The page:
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Why You Should Have a Pro Photographer and Not a Fauxtographer

Once upon a time, if you were getting married, needed a family portrait, or some manner of event documented it was easy to tell if a photographer was a true professional and not just a weekend hobbiest. Using film was difficult, expensive, and left little margin for error. To find paying customers one had to pay for advertising, location and overhead. To be a professional photographer took time, training, and investment. Because of these factors the number of people making their way in the world making a living at photography was low.

Beginning in about 2005 things begun to change. Until that time professional digital photography equipment was expensive. At $2,000 and up for a camera alone only those serious about it would make a go at being a pro. Little by little the entry cost for photography started to drop. Better computers and new software allowed for a greater level of image editing. Low priced, simple websites, and Facebook fan pages made it to get easy to tell the world. Then, after the great financial collapse in 2008, countless unemployed, looked around, saw that they owned a camera, and decided that they were a professional photographer.

Now, you might be saying “who cares so long as they take good pictures?” Good question. Here are a few reasons why it does matter:

Digital has caused it to be possible to have forget about expense. If you take 1000 pictures as opposed to 36 teh cost is the same. Inexperienced photographers will most likely take the ‘spray and pray’ strategy. Out of a few hundred pictures they will often find a way to get a few good ones. Obviously, these are the only ones that they can display on their web site. That’s fine for a picture of the kids. What if it’s your wedding day?

How do you know if you have a professional? Answer, ask to see an entire shoot. Not only the cherry picked profile pictures. A genuine professional will not have a problem with this demand. If image quality is inconsistent, keep shopping for a photographer.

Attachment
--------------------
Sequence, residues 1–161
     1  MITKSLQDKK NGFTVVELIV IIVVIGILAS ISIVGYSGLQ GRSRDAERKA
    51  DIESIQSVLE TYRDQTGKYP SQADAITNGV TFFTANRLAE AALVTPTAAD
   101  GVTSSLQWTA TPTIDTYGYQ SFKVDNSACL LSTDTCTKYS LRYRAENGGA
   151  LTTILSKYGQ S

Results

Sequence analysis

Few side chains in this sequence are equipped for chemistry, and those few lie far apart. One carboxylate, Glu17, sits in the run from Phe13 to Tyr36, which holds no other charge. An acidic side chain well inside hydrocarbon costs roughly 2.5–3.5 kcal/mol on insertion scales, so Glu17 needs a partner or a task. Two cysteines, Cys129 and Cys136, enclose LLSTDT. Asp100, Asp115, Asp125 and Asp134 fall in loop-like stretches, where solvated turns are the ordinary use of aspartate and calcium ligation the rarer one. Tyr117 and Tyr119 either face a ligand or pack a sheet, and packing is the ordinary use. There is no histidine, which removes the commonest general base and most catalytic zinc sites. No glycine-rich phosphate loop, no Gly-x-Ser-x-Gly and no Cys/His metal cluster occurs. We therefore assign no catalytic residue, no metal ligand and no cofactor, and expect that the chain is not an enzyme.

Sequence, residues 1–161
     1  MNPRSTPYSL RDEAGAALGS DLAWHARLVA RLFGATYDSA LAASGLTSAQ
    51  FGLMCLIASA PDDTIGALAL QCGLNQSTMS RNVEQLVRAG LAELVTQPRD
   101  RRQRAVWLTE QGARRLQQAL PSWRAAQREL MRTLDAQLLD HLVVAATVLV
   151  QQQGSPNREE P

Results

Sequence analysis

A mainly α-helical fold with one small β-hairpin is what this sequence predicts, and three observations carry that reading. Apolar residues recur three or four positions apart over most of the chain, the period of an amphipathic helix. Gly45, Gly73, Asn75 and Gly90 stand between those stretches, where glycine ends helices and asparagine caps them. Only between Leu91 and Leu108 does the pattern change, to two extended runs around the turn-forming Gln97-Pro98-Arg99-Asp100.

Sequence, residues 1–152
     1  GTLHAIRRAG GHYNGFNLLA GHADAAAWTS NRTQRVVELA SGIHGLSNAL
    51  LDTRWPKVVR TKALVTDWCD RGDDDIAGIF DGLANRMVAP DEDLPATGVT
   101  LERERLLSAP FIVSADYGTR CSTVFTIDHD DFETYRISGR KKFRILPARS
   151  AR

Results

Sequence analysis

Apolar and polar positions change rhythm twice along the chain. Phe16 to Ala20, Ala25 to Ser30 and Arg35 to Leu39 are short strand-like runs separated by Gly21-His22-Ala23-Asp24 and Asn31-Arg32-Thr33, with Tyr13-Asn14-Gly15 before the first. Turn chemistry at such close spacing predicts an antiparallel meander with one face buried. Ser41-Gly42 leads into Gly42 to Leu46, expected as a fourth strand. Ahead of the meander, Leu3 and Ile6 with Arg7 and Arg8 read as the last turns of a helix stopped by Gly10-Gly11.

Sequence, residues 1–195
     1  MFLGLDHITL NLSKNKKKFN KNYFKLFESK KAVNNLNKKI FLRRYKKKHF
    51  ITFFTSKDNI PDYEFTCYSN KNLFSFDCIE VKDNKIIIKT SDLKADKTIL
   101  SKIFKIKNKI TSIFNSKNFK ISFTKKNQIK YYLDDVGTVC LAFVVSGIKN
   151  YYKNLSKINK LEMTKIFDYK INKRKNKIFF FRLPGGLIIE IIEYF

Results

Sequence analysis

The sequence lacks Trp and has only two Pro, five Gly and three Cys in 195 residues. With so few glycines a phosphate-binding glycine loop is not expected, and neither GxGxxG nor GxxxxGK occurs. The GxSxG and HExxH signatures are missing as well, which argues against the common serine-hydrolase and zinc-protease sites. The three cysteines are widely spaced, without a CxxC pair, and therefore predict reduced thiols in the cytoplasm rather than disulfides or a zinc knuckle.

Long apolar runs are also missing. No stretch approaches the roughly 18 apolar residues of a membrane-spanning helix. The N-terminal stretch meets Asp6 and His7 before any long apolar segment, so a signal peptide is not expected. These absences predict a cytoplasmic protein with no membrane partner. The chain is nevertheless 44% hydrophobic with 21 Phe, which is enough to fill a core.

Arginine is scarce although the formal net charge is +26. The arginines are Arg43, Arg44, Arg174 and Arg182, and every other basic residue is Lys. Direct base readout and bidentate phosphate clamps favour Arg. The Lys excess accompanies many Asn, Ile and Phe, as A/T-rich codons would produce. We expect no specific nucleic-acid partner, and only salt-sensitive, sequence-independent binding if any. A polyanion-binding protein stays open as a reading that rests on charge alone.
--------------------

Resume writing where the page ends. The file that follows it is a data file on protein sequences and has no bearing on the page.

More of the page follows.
Unfortunately, not everyone is honest. The Internet has made it possible for photographers to share and show off their work on a global scale. It has also made it possible for people to steal their images and pass them off on a global scale. There have been cases of entire websites, about me pages, and portfolios that have been copied and passed of as their own work. Unsuspecting customers only find out after it is too late that the photographer they hired wasn’t capable of producing the same level of work as advertised.

So how do you know if you have a pro? Answer, ask to see a printed portfolio before committing to paying your hard earned money. While it is easy to steal images off of the web that will show up fine on a site or email, those files aren’t going to make a decent print. If they can’t show you a good quality enlargement, move on.

Emergencies. Many starting photographers may have one camera. Perhaps a handful of lenses. Their equipment inventory tends to be light. Rarely will they’ve any type of equipment or liability insurance. Frequently they’ll be working with no business license or pay taxes. Why does of that matter? In my two decades as a photographer I can’t let you know just how many times I’ve had my main camera, lens, flash, memory, and such fail. Each time I merely changed to my backup and kept working. Had I just one Imagine what would happen? Because I have insurance, losing a camera due to theft or destruction, or the responsibility of a light stand falling on mother, or the tax man turning up at my studio won’t put me out of business. Without these protections they would. Now, suppose you’ve previously paid a deposit and your wedding photographer and their bankrupt?

How do you know you have a pro? Answer, ask to see a business license. Ask if they have back up equipment. Ask if they have insurance. Ask if they have a contingency plan if they are sick or injured. Finally, get it in writing. I always sign a contract with my clients. It protects them as much as me. A real pro won’t have a problem with this.

I’m not against people learning photography and becoming a professional. I learned, practiced, and honed my craft for a long time before charging people money. Ultimately, poor photographers passing themselves off as a professional makes it harder for competent photographers to remain in business and make money. That’s never a good thing.

If you would like to become a pro photographer or just improve your family photos click here to Learn more about photography and view some wonderful photography by photographer Tommy Daspit.

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